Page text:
White walls will let the next buyer decide how the 
rest of the room should be decorated. Spruce it up with
some colorful bedding like this duvet set from Pottery Barn.
Plan your cast of furniture 
Today's bedrooms are scaled-down versions of your parents' bedroom. You don't want rooms to appear dated with matching pieces of furniture or multiple dressers. The formula for today in the primary bedroom is one bed, two nightstands that don't necessarily need to match each other, and a bench or chair at the foot of the bed or somewhere in the room. Declutter and organize your closet so that cumbersome dressers and bureaus don't eat up floor space in the room. Sometimes a dresser can simply be moved to the closet, with hanging space above it. 

Often a dresser, if it is low enough, can substitute for a bedside table, giving you both storage space and a surface for a lamp or decorative item. If you need to use a bulky dresser in a bedroom, perhaps you can add screw-on legs painted to match, to lighten the look and reveal more flooring.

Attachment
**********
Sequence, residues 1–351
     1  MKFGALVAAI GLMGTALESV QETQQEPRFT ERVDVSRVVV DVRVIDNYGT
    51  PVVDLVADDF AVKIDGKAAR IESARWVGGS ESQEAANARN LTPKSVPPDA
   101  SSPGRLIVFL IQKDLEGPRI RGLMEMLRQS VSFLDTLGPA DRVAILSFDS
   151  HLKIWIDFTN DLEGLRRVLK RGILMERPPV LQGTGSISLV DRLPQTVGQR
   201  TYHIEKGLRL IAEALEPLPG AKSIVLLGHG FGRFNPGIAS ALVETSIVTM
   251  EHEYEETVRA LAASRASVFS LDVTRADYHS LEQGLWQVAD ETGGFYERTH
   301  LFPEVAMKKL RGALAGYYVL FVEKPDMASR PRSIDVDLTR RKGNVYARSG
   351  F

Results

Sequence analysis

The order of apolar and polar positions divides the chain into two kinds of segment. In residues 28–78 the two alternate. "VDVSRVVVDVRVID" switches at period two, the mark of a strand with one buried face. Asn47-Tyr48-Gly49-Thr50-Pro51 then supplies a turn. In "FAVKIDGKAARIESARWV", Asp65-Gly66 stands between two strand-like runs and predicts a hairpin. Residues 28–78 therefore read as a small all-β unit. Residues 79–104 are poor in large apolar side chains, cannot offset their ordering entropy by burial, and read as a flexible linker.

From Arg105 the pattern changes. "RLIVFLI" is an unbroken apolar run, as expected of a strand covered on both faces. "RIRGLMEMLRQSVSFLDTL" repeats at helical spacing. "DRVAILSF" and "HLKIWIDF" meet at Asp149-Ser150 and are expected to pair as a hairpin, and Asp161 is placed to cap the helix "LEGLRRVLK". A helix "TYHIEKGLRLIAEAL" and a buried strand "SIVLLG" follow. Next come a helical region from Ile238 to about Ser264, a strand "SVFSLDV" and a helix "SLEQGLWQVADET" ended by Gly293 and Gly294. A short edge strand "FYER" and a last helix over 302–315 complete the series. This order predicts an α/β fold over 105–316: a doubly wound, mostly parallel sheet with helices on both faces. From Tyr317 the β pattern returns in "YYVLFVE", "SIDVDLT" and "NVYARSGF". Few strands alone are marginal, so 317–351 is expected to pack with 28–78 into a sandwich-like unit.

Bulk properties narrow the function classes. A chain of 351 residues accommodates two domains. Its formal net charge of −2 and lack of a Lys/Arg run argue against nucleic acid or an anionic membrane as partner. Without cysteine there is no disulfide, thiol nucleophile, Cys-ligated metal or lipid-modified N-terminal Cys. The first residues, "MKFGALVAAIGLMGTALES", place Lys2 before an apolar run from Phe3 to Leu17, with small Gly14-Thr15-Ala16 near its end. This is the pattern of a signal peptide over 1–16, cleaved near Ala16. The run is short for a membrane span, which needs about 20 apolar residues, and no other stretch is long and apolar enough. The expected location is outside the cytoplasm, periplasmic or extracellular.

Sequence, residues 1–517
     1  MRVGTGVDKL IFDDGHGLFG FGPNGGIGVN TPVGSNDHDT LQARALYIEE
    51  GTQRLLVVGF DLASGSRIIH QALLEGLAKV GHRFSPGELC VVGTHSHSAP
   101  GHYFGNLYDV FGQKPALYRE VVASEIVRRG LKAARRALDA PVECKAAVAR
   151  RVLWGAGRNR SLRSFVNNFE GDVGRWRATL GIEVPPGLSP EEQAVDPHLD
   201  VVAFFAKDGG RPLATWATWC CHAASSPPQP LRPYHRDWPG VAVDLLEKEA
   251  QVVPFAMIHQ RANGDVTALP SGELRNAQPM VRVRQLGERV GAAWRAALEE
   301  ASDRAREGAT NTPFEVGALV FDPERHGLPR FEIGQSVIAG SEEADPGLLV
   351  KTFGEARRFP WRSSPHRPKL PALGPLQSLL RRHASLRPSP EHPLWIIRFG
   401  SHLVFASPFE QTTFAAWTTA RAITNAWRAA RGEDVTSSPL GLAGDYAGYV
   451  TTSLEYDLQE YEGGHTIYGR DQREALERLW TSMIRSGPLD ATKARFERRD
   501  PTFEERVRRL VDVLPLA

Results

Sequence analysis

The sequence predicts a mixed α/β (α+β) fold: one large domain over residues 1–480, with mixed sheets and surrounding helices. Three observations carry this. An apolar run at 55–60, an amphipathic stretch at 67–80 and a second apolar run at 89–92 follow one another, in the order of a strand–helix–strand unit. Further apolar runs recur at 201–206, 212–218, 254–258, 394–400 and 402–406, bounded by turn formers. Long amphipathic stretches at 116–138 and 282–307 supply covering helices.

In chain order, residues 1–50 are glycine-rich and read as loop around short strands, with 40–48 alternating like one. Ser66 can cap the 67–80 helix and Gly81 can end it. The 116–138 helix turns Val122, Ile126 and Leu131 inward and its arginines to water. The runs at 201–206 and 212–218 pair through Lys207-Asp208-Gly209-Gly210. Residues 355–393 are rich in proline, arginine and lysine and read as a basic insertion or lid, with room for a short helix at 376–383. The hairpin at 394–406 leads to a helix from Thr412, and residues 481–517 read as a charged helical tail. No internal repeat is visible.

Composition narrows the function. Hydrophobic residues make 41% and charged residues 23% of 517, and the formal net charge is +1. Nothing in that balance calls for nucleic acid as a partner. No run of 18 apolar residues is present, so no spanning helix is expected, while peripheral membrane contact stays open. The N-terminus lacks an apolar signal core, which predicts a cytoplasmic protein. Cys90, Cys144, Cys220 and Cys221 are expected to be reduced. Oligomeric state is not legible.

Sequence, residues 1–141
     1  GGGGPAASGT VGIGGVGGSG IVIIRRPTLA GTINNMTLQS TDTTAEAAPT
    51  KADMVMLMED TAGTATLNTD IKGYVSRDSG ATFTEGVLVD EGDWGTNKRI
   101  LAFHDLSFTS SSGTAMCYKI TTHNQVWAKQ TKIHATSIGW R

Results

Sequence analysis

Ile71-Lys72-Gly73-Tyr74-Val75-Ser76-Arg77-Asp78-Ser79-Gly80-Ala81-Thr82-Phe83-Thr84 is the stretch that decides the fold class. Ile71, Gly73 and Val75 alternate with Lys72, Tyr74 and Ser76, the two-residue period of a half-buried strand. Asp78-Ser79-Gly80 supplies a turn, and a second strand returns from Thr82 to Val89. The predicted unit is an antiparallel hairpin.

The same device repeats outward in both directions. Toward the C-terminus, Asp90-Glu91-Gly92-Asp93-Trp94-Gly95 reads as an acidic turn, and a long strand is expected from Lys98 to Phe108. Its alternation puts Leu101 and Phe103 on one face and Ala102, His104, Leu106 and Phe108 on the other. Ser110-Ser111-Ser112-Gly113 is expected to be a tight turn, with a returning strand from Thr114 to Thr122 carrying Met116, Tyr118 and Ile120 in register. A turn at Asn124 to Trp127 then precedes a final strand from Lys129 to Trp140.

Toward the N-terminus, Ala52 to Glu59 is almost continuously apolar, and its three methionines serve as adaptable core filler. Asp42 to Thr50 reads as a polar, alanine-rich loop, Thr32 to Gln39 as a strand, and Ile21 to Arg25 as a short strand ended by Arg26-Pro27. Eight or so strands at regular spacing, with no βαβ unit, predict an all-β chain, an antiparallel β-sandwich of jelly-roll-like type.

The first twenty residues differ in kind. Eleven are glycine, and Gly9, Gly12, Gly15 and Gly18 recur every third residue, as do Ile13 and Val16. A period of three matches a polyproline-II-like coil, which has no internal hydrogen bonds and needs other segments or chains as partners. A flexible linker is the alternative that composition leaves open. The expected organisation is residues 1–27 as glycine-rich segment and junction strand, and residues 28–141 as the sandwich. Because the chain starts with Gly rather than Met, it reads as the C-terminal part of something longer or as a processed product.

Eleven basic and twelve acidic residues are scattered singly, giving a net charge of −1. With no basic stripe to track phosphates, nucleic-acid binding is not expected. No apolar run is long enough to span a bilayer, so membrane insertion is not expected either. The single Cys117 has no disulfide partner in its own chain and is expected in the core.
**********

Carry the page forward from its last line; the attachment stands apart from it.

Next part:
In the same way you can spot a 1970s or 80s movie by the style of its clothing and phones and cars, buyers will spot a bedroom that's lost touch with the times by its old-fashioned decor, usually dark and heavy furnishings. If your home is a historic one, you can stage it more in tune with the times of that period. Otherwise, look at store displays, catalogs, and Pinterest for today's bedroom trends that will make these rooms look stylish and fresh.      

The leading role of your bedroom goes to the bed itself. Stage it to create a visual focal point in the room so that visitors' eyes are drawn to something specific and then move around the room from there to notice other features like windows and closets, and whatever else the room has to offer. 


This bedroom has it all -- luxurious bedding,
a nightstand that offers storage, some greenery,
pale and restful colors, plenty of light, and 
lovely, plump pillows. Photo: Pure Salt Interiors


Stage the leading player